Baird’s Sparrow — A Vanishing Jewel

Baird's Sparrow.

Imagine my excitement. I have been looking for Baird’s Sparrows for several years, it will be a life bird for me. However, every field that I have explored within this species range has been empty of this gorgeous little sparrow. My dear friend, Julie Zickefoose, was leading a birding trip in North Dakota — maybe she has found this elusive prairie species. A quick text query receives an equally quick reply that she had indeed found a singing male. Excellent directions lead me right to the patch within a large pasture of apparently native prairie that was being grazed by a few cows. Within minutes I was hearing the soft, tinkling song of a Baird’s Sparrow drifting out of the darkness — a lifer!

Baird’s Sparrows breed in the northern Great Plains where they prefer native short and mixed-grass prairies. Also, they require vary large fields where they can see for miles in any direction. They avoid edges and road tracks, they’ll even avoid well used two-track roads that run through otherwise pristine fields. Baird’s Sparrows seem to prefer fields that are idle or lightly grazed and have an intact litter layer of dead grasses from previous years. Their nests are built on the ground and concealed by dead and living vegetation. As with many species of grassland nesting birds, they land near the nest and run along the ground in “tunnels” created by the overarching plants.

I was impressed by this male’s tolerance of me. After several minutes of slowly walking around in the field, trying to mimic the randomness of a grazing cow, I was within a few meters of him. He sat on his perch singing away and seemed to care less that I was there. With my parabolic microphone aimed at him, I was able to hear and record ever nuance of his quiet song. Other than a distant Bobolink, there was little else for him to compete with.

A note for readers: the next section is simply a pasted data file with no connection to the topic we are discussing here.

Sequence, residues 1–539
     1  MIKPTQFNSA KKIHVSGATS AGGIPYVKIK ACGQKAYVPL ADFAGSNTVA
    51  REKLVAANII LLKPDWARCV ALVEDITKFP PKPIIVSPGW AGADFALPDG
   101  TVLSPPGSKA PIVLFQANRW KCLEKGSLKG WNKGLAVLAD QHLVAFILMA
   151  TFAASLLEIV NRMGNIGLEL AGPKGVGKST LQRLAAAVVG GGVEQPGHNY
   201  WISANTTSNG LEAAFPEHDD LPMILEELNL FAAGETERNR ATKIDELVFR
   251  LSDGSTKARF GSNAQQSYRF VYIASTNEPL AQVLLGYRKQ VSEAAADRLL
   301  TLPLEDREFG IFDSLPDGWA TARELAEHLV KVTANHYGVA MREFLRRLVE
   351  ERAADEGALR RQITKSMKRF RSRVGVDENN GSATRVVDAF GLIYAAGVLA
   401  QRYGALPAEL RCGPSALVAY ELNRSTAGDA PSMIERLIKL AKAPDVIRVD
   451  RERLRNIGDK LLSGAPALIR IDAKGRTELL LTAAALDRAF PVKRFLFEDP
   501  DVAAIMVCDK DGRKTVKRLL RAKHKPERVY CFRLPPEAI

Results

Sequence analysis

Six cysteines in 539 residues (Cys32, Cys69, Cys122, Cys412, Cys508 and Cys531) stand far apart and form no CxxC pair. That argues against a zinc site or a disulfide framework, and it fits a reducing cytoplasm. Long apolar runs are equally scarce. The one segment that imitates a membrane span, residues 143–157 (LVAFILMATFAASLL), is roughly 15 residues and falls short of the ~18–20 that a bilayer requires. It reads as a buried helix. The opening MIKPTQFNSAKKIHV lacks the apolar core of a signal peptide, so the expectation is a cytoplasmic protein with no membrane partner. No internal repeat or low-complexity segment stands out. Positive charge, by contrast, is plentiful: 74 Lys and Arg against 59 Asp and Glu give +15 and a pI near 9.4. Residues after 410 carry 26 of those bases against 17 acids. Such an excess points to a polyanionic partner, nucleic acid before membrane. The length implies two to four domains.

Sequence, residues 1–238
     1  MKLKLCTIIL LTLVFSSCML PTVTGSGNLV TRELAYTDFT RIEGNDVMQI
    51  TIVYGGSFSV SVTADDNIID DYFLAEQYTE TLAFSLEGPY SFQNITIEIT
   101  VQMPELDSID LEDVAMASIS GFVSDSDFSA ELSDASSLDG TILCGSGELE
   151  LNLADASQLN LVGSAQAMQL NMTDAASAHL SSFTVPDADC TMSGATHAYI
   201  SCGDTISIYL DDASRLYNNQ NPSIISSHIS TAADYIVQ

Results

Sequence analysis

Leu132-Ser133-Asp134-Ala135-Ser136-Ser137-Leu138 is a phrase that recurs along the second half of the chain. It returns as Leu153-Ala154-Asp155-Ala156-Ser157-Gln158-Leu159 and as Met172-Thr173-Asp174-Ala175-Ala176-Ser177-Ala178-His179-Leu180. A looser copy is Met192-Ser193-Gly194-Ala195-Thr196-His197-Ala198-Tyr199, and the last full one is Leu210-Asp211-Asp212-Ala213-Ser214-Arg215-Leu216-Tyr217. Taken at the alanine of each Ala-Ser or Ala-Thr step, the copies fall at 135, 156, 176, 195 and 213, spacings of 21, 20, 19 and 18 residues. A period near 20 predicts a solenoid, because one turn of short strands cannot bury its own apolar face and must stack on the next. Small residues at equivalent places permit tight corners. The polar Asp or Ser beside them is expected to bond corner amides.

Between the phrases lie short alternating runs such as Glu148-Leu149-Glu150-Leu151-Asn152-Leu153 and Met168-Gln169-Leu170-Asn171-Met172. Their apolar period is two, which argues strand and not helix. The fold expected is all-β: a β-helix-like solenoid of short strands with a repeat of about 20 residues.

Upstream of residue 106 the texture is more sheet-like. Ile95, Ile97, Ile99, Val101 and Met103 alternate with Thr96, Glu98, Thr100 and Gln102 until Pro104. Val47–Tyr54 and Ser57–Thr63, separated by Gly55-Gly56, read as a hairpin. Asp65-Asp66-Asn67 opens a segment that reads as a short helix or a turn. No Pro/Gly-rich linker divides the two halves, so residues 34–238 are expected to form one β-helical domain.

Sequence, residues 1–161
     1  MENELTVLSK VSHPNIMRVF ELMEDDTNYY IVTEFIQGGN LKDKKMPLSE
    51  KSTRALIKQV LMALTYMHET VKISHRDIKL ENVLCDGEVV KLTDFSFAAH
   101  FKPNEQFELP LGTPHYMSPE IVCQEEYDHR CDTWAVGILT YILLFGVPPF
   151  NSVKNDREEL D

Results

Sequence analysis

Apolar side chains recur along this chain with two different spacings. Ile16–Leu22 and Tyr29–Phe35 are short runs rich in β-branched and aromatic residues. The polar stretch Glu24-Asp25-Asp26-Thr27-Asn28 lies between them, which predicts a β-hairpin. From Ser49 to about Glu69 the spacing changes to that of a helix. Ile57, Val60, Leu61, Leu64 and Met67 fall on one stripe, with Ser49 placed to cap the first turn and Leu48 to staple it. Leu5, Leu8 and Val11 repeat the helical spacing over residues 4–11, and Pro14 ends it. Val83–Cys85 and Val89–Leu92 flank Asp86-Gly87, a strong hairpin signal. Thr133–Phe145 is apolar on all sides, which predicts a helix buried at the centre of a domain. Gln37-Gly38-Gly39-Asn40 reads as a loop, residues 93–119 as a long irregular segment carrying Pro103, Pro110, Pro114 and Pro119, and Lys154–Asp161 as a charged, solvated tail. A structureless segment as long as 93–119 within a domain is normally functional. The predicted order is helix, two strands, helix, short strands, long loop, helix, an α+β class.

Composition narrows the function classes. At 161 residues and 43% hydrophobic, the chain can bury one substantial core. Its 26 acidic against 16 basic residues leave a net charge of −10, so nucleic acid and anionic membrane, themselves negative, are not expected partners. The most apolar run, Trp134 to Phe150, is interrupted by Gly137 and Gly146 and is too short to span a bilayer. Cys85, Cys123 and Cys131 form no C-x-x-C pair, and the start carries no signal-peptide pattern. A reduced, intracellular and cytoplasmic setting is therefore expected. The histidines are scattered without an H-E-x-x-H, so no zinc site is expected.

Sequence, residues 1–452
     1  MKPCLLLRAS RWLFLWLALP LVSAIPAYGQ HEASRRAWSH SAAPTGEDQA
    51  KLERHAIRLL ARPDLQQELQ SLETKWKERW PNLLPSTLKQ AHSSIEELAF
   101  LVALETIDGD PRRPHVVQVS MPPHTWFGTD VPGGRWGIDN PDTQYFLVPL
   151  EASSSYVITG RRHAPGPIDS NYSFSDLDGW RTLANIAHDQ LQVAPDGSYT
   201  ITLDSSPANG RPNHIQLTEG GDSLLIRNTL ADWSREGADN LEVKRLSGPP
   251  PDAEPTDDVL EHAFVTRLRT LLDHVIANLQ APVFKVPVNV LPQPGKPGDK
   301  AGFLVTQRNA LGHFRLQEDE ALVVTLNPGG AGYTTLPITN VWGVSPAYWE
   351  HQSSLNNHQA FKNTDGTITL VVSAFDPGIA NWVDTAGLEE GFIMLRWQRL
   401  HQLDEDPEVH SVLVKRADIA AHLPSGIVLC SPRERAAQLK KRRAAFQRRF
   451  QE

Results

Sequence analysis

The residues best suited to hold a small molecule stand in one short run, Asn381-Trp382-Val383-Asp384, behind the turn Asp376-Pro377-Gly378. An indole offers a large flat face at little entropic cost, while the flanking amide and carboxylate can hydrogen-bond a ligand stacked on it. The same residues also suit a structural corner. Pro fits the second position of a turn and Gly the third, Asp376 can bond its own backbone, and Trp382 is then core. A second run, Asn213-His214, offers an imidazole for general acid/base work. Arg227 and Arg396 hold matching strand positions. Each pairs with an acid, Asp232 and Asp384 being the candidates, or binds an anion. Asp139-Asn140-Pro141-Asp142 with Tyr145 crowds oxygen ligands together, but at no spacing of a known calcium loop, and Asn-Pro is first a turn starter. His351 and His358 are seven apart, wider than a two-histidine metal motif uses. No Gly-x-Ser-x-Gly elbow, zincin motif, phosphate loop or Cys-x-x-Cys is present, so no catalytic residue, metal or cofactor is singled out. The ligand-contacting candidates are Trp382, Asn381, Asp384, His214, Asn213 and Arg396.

Males sing from perches on the stems of grasses, forbs, and woody plants. His plaintive tinkling song doesn’t carry very far. In fact, it can be difficult to detect a singing Baird’s Sparrow from farther than 100 yards. He starts singing well before the sun rises above the eastern horizon with a slow and steady cadence that seems to perfectly fit the wide open spaces he calls home. Range-wide, there are about 13 different song types, though an individual male learns and sings only one of these song patterns.

A male Baird’s Sparrow singing from a wide-open patch of native prairie in central North Dakota. June 17, 2014. ©Wil Hershberger.

Baird's SparrowConversion of native prairie to agriculture and housing developments is pushing this beautiful sparrow every closer to extinction. The animated map below shows the current breeding range for Baird’s Sparrow and the current population trend for this species as determined from the Breeding Bird Survey results. There are precious few blue areas (increased detection of singing males) on the trend map and far too much red (drastic reduction in breeding males detected). Perhaps the June 20th Presidential Memorandum to protect pollinators — all pollinators — including bees, butterflies, AND BIRDS, will lead to a reversal of this disturbing downward trend and once again we will be able to see and hear this vanishing jewel of the prairie.

Range and trend map for Baird's Sparrow


  1. Thank you Melissa. They are becoming scarce. It is a real shame. I have seen some of the images that you made in the Dakotas and they are awesome.

    Thank you Lisa. I really love this species song. I wish it were easier to hear it in the field.

    Thanks Bob.

  2. Wonderful, Wil! Just a tad envious. I was in North Dakota a few weeks and looked in vain for this bird. Great work.

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